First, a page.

While Breton’s Bardot did not show up, the project would not have been an easy sell at the time, either. “What’s changed is that broadcasters are on the hunt for major projects. Aside from Canal+, that was not really the case, even three years ago,” Breton tells TBI.
“And Brigitte Bardot is not someone easy, so [commissioners] were a bit afraid of her. She also had the image of a sex symbol that did not fit with the idea of a modern woman. They did not see her the way I was seeing her, the way Danièle Thompson saw her too – the first major, popular, female heroine, who claimed the right of abortion, to dress as she wanted and to sleep with whom she wanted, with her trademark lack of shoes and hair up.”
It is something of a tradition for Thompsons to work with other family members, with Danièle having started out with her father, the late French comedy director Gerard Oury, with whom with she collaborated on many films.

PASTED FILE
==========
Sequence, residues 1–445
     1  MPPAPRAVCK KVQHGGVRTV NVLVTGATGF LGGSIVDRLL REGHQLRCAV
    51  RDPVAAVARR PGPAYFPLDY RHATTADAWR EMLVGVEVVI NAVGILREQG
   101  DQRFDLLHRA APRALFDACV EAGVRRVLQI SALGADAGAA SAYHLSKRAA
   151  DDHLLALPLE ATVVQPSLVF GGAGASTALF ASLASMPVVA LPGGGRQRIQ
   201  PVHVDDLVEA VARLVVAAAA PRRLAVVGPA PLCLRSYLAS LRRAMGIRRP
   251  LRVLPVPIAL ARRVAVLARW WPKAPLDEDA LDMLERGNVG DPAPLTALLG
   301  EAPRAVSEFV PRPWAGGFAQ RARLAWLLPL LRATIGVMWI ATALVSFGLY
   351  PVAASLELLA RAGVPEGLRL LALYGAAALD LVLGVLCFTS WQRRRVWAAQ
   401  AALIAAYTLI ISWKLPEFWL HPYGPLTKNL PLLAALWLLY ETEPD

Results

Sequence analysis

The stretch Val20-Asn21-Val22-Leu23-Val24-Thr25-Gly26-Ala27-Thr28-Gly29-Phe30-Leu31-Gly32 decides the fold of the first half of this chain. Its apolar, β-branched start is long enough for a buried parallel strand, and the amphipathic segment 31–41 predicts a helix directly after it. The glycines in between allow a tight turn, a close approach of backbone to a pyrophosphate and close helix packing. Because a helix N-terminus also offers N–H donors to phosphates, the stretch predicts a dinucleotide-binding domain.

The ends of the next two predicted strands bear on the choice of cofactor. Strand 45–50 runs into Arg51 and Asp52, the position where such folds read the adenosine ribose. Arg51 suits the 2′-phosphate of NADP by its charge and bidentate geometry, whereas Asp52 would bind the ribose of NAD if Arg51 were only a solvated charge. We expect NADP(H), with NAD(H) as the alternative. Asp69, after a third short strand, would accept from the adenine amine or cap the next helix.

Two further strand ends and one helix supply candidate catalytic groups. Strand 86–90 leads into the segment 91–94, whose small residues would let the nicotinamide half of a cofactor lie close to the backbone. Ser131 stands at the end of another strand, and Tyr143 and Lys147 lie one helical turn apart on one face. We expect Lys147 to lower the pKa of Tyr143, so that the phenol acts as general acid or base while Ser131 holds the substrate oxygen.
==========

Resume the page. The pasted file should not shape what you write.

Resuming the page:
And being part of a cinema family, Danièle did meet with Bardot “but we don’t really know each other,” she says. Instead, the project “was like an investigation,” explains Christopher, using “tonnes of press articles and books,” as well as news archives to recreate the feel of the 1950s.
While the creative team went about building the show, Federation looked to leverage the increasing demand for drama to its advantage.
Rather than selling all rights to a streamer, Federation took the longer road of an international co-production. “It was important for us to keep the rights, because in 30 years time, a series like this will continue to sell,” Breton explains.
The result was a multifaceted deal: France 2 took the first French window; Netflix had the second window and took selected European country rights; and Mediaset in Italy joined as an early partner.